Payment of Creditors

I am dealing with an estate where there are a number of properties, which are being rented.

The deceased died unexpectedly in November last year and it has been extremely difficult ascertaining details of all of the assets and liabilities. We do not yet have the GoP but I am hoping to be applying soon.

Each of the properties has a mortgage (with different providers) and at least one has a second charge,

The rent has been paid to us since the deceased passed away and is intended to be used for the payment of Inheritance Tax, which needs to be paid.

There is little by way of liquid assets.

One the mortgage companies (which has a charge again four of the seven properties) has appointed a receiver to collect the rents to offset against the arrears of mortgage that have accumulated since the deceased passed away.

My view has been that I cannot make payments to this mortgage company in priority to the other creditors of the estate (particularly given that one of those is HMRC!) and that, once the GoP has been issued, we will look to redeem the mortgage as soon as possible.

The receiver is recommending to the lender that they seek vacant possession and repossess the properties. I am trying to persuade them otherwise. My question is, should I be making payments to the lender to try to stop them repossession the properties, or are my hands tied?

Any guidance would be greatly appreciated.

Martyn Dixon
Harold Bell & Co.

On the basis that the estate is solvent, there should be no risk of payments to the mortgage company in question being an illegal preference.

However, if the mortgage company follows the receiver’s recommendation and looks to sell the properties (4 out of 7 is a high proportion), this could significantly reduce the value of the estate – the receiver’s fees for dealing with matters will be substantially higher than an estate agent’s for dealing with a sale and, if the properties are put to auction, the price realised may be below the executor’s expectations.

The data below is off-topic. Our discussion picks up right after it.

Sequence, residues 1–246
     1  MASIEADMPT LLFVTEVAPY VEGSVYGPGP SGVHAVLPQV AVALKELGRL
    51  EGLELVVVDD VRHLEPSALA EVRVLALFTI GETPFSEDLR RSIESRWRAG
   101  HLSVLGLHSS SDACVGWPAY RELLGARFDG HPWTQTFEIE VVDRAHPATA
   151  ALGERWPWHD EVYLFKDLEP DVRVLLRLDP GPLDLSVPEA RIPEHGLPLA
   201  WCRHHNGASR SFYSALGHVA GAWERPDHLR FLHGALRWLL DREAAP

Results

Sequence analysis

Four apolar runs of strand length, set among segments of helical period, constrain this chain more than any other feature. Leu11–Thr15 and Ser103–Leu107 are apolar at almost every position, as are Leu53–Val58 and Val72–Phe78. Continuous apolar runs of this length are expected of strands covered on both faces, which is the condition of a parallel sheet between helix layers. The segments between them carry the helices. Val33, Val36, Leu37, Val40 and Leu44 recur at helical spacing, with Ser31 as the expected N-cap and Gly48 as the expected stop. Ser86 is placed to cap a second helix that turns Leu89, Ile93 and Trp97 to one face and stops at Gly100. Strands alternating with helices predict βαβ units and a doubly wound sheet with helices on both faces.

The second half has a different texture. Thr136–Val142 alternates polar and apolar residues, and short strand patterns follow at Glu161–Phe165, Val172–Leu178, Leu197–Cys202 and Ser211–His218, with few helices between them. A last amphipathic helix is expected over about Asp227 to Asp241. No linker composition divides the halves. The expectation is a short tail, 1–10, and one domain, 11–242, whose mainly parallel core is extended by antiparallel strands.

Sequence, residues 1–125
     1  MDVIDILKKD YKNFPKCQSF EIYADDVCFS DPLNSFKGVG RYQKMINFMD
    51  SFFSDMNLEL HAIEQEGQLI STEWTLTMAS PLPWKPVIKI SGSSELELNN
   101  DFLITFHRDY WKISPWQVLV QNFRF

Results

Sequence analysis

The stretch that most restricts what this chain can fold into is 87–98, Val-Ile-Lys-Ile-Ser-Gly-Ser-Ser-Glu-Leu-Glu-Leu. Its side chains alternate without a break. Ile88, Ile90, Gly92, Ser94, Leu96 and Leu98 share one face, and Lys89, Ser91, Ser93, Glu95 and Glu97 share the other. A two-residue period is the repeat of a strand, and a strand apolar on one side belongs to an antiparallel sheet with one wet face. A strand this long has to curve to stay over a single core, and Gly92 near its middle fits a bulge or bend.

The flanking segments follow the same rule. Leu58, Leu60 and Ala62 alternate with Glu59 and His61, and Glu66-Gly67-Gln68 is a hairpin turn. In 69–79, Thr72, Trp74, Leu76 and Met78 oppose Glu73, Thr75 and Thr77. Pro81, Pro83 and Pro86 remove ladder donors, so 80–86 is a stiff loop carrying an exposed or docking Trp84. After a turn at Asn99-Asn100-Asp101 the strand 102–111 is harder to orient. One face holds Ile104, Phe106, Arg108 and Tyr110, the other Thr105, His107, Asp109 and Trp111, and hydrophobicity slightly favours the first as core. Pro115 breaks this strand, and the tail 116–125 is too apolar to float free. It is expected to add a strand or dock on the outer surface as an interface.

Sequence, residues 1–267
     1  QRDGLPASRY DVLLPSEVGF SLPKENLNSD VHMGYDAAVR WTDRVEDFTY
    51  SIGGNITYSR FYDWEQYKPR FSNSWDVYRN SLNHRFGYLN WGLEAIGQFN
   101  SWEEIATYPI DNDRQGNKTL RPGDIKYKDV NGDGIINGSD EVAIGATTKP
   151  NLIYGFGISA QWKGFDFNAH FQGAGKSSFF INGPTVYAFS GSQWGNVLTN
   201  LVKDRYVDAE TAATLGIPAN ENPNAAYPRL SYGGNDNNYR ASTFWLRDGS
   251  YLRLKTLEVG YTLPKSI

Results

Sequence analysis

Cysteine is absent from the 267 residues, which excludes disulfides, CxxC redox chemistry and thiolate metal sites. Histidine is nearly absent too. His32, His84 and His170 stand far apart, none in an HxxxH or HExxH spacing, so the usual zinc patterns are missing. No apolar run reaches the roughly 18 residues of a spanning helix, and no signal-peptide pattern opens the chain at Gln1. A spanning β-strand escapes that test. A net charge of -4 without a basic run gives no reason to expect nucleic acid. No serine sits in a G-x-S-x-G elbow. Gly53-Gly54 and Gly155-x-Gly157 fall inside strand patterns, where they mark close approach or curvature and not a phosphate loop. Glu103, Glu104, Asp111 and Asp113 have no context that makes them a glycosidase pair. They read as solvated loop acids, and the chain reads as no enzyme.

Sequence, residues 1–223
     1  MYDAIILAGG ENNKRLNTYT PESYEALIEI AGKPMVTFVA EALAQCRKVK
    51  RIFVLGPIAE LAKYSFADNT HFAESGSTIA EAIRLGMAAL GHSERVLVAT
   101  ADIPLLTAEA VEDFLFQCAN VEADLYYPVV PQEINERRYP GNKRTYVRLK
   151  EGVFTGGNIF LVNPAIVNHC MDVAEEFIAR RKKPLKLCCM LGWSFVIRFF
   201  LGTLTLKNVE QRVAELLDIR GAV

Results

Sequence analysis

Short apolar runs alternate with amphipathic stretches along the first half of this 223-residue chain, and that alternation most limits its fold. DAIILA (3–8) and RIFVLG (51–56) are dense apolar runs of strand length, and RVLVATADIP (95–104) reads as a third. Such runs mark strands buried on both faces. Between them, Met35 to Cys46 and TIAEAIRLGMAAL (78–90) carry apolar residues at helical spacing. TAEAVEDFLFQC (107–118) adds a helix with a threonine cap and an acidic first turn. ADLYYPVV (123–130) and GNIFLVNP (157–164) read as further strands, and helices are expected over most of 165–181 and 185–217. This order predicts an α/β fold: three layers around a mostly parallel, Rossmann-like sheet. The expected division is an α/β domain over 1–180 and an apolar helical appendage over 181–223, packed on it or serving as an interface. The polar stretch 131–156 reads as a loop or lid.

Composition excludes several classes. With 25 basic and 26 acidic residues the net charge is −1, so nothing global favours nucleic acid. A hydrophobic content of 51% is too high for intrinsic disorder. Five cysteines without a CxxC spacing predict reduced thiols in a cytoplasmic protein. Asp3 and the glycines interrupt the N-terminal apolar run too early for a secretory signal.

If you are satisfied as to the solvency of the estate, I would be inclined to make payments to regularise the situation and prevent potential loss to the estate, bringing the properties (and rent receipts) back under the executor’s control. Even though the rents are not currently received by the estate, the executor will still be required to account to HMRC for them as estate income.

If the income of the estate is insufficient to fund the mortgage payments, is the mortgage company open to dialogue, to try and persuade it to hold back from taking further action? They can be quite helpful when the circumstances are explained, as there are mutual benefits from working together, although some completely lose interest in any form of discussion once they have instructed receivers.

Paul Saunders